You will have to sacrifice some things: either pay more, or aim for lesser scientific achievement. But amount of information and training you’ll gain might be well worth it.
Updated on March 19, 2020:
As the world struggles through COVID-19, many labs are struggling with shut-downs, order to work from home, terrible expectations with salaries and funding, and more.
This is an opportunity. Not to out-work your competition. But to re-evaluate process, goals, and human aspect of the research. Each lab get an opportunity to take a break with daily grind, reset the clock, and establish new policies and management procedures.
It should not be just “do your best” but an opportunity for meta-discussion. We shouldn’t just “write”, but we should talk about how to write, and how to write better. Same for presentations. Same for lab management. Same for being a PI.
I started this blog to record ideas on running projects, making better presentations, and so on, in context of scientific research.
The goal of this site is to write down instructions, HowTos, protocols and checklist that could help manage research projects, get through grad school, and improve professional climate in academia.
Why is it called “Extreme Sciencing”? I shamelessly copied Extreme Programming for that name. In my experience, we can learn a lot from practices of software development, such as Agile, Scrum, or DevOps. I have spent time studying those and tried to borrow and adapt things that might help us with better sciencing.
Whether you are getting ready to review somebody’s presentation, or you are presenting your slides to a supervisor or a friend for feedback, here is a handy check-list of questions you should be able to answer.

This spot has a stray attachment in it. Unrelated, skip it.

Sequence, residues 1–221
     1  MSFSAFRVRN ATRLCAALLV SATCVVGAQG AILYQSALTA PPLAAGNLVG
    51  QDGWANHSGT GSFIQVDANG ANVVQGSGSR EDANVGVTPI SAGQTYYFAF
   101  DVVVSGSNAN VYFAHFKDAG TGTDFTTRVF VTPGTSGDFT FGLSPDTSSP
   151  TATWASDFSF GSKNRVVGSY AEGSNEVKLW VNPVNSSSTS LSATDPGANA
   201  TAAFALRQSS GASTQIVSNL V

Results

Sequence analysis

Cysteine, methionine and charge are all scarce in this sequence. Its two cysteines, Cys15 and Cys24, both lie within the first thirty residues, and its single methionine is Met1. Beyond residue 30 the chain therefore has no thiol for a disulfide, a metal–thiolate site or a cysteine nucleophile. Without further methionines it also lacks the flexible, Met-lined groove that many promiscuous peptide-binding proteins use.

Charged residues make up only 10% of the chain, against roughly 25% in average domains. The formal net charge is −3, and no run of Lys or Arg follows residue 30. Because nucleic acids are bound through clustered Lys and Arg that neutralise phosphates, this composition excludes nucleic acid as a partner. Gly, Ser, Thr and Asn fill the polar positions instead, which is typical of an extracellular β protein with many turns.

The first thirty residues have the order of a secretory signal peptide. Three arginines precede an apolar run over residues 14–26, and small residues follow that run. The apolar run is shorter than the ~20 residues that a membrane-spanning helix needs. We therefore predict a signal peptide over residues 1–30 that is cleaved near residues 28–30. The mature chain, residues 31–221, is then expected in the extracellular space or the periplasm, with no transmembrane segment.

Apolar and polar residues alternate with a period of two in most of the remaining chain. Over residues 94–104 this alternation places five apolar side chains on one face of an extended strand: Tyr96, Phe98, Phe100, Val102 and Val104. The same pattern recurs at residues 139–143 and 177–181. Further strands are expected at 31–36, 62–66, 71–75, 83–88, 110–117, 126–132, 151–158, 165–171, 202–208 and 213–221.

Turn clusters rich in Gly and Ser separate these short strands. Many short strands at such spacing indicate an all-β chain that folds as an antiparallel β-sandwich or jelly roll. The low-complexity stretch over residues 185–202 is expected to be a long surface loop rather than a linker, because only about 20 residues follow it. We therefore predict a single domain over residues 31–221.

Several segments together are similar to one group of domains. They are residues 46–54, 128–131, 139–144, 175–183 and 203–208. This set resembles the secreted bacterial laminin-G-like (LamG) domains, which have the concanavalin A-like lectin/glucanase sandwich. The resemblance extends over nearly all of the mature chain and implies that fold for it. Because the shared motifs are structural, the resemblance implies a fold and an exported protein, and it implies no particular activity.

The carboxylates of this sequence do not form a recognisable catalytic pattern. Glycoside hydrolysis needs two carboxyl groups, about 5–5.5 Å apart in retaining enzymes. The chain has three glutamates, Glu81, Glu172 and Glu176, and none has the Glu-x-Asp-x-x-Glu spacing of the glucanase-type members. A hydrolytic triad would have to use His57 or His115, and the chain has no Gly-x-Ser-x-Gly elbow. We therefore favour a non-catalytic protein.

First, few organizational questions:
When is the presentation?
How much time you will be given? (total talk time, Q&A time)
Will it be in front of live audience, broadcasted, or both?
Current US regulations of workplace benefits, accommodations, and options are terrible. This stems from a long past of aggressive capitalism fueled by communism/socialism fear-mongering. One example is at-will employment laws that disproportionally shift power from workers to companies.
Fortunately, many companies come to realize that there are things that make workers happier, more productive, and efficient, while perhaps costing a little bit of money to the company. Basecamp offers exceptional benefits which not only save money to the employees ($100/month fitness allowance, $1000/year continuing education allowance, paid 16-week parental leave) but communicate:
We respect you and want you to be happy and life is hard enough
That is reflected by the 4-day work week during summer and the 1-month sabbatical every 3 years. Basecamp, arguably, makes a lot of money and as a private company capable of making these decisions. Other organizations might not have enough fiscal or political capital to advocate for better benefits or work conditions, being forced to follow “corporate regulations” or “it always been like that”.
That will not stop us from asking for, and in some circumstances, demand more respect and more responsibility from organization where we work. Here is a list of facilities that we think are necessary and should be provided to all researchers, students working in labs, and staff in any institution:
Organizational credit card to pay for work-related expenses or at least streamlined and clear reimbursement process (<1 week); free poster printing service
No departmental restriction on credits use (biology PhD student can take math or music classes)
Accommodations for parents, including parental leaves and day care subsidy without conditions
21st century level of technical infrastructure: free unlimited cloud storage, central data storage within university, fast (1Gbps) wireless networking in every building, fast (>10Gbps) wired networks in most research spaces
Some of these items have been requested and received at my previous institution, others not yet successfully implemented. There is always room for improvement, and we should start with a list of necessary improvements to the workplace and then collaborate with institutions to increase happiness and productivity in academic environment.